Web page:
way of ransom. Your father did not hesitate an instant, and
the sum was sent to the frontier of Piedmont, with a
passport signed for Italy. You were in the south of France,
I think?"

"Yes," replied Andrea, with an embarrassed air, "I was in
the south of France."

"A carriage was to await you at Nice?"

"Precisely so; and it conveyed me from Nice to Genoa, from
Genoa to Turin, from Turin to Chambery, from Chambery to
Pont-de-Beauvoisin, and from Pont-de-Beauvoisin to Paris."

"Indeed? Then your father ought to have met with you on the
road, for it is exactly the same route which he himself
took, and that is how we have been able to trace your
journey to this place."

"But," said Andrea, "if my father had met me, I doubt if he
would have recognized me; I must be somewhat altered since
he last saw me."

"Oh, the voice of nature," said Monte Cristo.

"True," interrupted the young man, "I had not looked upon it
in that light."

"Now," replied Monte Cristo "there is only one source of
uneasiness left in your father's mind, which is this -- he
is anxious to know how you have been employed during your
long absence from him, how you have been treated by your
persecutors, and if they have conducted themselves towards
you with all the deference due to your rank. Finally, he is
anxious to see if you have been fortunate enough to escape
the bad moral influence to which you have been exposed, and
which is infinitely more to be dreaded than any physical
suffering; he wishes to discover if the fine abilities with
which nature had endowed you have been weakened by want of
culture; and, in short, whether you consider yourself
capable of resuming and retaining in the world the high
position to which your rank entitles you."

"Sir!" exclaimed the young man, quite astounded, "I hope no
false report" --

"As for myself, I first heard you spoken of by my friend
Wilmore, the philanthropist. I believe he found you in some
unpleasant position, but do not know of what nature, for I
did not ask, not being inquisitive. Your misfortunes engaged
his sympathies, so you see you must have been interesting.
He told me that he was anxious to restore you to the
position which you had lost, and that he would seek your
father until he found him. He did seek, and has found him,
apparently, since he is here now; and, finally, my friend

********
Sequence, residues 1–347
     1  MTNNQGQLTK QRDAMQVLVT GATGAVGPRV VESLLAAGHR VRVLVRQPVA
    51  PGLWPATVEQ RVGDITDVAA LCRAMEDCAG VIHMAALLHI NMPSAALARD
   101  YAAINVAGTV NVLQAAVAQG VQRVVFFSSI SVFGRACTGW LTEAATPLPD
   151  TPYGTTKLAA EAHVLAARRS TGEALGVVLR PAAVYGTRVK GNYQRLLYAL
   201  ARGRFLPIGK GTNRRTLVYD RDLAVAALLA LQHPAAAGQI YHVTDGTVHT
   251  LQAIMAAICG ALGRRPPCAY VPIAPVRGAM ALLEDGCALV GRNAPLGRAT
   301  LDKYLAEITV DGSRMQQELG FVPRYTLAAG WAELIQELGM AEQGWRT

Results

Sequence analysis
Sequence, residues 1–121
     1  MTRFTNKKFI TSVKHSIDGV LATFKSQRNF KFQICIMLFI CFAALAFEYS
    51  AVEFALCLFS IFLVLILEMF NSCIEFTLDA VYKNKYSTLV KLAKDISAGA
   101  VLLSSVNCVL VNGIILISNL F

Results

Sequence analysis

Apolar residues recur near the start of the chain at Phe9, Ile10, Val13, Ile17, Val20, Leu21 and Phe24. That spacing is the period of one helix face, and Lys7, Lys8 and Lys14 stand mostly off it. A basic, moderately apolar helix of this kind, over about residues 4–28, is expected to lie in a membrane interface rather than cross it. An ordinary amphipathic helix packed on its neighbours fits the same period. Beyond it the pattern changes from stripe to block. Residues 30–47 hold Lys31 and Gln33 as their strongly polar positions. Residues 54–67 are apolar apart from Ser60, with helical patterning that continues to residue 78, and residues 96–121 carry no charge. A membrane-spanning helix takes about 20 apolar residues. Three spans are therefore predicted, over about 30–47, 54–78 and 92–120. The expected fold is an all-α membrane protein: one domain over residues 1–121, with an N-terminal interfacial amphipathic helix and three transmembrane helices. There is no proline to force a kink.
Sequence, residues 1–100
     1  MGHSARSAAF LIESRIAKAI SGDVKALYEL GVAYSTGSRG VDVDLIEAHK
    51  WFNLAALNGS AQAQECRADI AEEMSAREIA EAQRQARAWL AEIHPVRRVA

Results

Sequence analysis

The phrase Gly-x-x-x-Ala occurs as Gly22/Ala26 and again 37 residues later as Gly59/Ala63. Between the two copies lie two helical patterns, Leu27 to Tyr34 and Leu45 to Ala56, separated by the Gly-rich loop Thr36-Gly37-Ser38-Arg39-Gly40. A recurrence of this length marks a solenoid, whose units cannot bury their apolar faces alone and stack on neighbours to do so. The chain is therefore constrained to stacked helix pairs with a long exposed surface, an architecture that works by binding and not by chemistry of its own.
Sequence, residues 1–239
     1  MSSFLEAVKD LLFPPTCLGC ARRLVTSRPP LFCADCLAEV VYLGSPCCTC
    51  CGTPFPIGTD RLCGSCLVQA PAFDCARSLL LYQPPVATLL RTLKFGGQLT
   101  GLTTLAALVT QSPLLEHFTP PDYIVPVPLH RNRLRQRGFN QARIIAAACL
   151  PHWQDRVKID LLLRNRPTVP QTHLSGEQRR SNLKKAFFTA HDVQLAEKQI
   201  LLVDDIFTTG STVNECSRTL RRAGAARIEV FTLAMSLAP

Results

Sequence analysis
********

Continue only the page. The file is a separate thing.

apprised me of your coming, and gave me a few other
instructions relative to your future fortune. I am quite
aware that my friend Wilmore is peculiar, but he is sincere,
and as rich as a gold-mine, consequently, he may indulge his
eccentricities without any fear of their ruining him, and I
have promised to adhere to his instructions. Now, sir, pray
do not be offended at the question I am about to put to you,
as it comes in the way of my duty as your patron. I would
wish to know if the misfortunes which have happened to you
-- misfortunes entirely beyond your control, and which in no
degree diminish my regard for you -- I would wish to know if
they have not, in some measure, contributed to render you a
stranger to the world in which your fortune and your name
entitle you to make a conspicuous figure?"

"Sir," returned the young man, with a reassurance of manner,
"make your mind easy on this score. Those who took me from
my father, and who always intended, sooner or later, to sell
me again to my original proprietor, as they have now done,
calculated that, in order to make the most of their bargain,
it would be politic to leave me in possession of all my
personal and hereditary worth, and even to increase the
value, if possible. I have, therefore, received a very good
education, and have been treated by these kidnappers very
much as the slaves were treated in Asia Minor, whose masters
made them grammarians, doctors, and philosophers, in order
that they might fetch a higher price in the Roman market."
Monte Cristo smiled with satisfaction; it appeared as if he
had not expected so much from M. Andrea Cavalcanti.
"Besides," continued the young man, "if there did appear
some defect in education, or offence against the established
forms of etiquette, I suppose it would be excused, in
consideration of the misfortunes which accompanied my birth,
and followed me through my youth."

"Well," said Monte Cristo in an indifferent tone, "you will
do as you please, count, for you are the master of your own
actions, and are the person most concerned in the matter,
but if I were you, I would not divulge a word of these
adventures. Your history is quite a romance, and the world,
which delights in romances in yellow covers, strangely
mistrusts those which are bound in living parchment, even
though they be gilded like yourself. This is the kind of
difficulty which I wished to represent to you, my dear
count. You would hardly have recited your touching history
before it would go forth to the world, and be deemed
unlikely and unnatural. You would be no longer a lost child
found, but you would be looked upon as an upstart, who had
sprung up like a mushroom in the night. You might excite a
little curiosity, but it is not every one who likes to be
made the centre of observation and the subject of unpleasant

"I agree with you, monsieur," said the young man, turning
pale, and, in spite of himself, trembling beneath the
scrutinizing look of his companion, "such consequences would
be extremely unpleasant."

"Nevertheless, you must not exaggerate the evil," said Monte
Cristo, "for by endeavoring to avoid one fault you will fall
into another. You must resolve upon one simple and single
line of conduct, and for a man of your intelligence, this
plan is as easy as it is necessary; you must form honorable
friendships, and by that means counteract the prejudice
which may attach to the obscurity of your former life."
Andrea visibly changed countenance. "I would offer myself as
your surety and friendly adviser," said Monte Cristo, "did I
not possess a moral distrust of my best friends, and a sort
of inclination to lead others to doubt them too; therefore,
in departing from this rule, I should (as the actors say) be